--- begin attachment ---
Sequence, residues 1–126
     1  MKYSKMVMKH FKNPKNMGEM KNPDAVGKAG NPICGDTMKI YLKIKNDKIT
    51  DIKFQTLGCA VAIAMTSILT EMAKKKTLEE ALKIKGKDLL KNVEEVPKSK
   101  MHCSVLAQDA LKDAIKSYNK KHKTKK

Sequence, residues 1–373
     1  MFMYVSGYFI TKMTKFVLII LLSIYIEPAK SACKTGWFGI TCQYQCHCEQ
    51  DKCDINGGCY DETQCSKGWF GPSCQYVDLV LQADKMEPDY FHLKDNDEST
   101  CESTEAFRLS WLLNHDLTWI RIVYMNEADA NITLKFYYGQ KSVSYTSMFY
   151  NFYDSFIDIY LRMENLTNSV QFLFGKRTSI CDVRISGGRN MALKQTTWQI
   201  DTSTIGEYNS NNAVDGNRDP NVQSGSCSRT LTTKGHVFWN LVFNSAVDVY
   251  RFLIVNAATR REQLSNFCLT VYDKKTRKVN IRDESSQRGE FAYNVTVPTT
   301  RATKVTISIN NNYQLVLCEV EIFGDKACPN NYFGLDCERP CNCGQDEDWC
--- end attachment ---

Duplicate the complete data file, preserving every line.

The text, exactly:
Sequence, residues 1–126
     1  MKYSKMVMKH FKNPKNMGEM KNPDAVGKAG NPICGDTMKI YLKIKNDKIT
    51  DIKFQTLGCA VAIAMTSILT EMAKKKTLEE ALKIKGKDLL KNVEEVPKSK
   101  MHCSVLAQDA LKDAIKSYNK KHKTKK

Sequence, residues 1–373
     1  MFMYVSGYFI TKMTKFVLII LLSIYIEPAK SACKTGWFGI TCQYQCHCEQ
    51  DKCDINGGCY DETQCSKGWF GPSCQYVDLV LQADKMEPDY FHLKDNDEST
   101  CESTEAFRLS WLLNHDLTWI RIVYMNEADA NITLKFYYGQ KSVSYTSMFY
   151  NFYDSFIDIY LRMENLTNSV QFLFGKRTSI CDVRISGGRN MALKQTTWQI
   201  DTSTIGEYNS NNAVDGNRDP NVQSGSCSRT LTTKGHVFWN LVFNSAVDVY
   251  RFLIVNAATR REQLSNFCLT VYDKKTRKVN IRDESSQRGE FAYNVTVPTT
   301  RATKVTISIN NNYQLVLCEV EIFGDKACPN NYFGLDCERP CNCGQDEDWC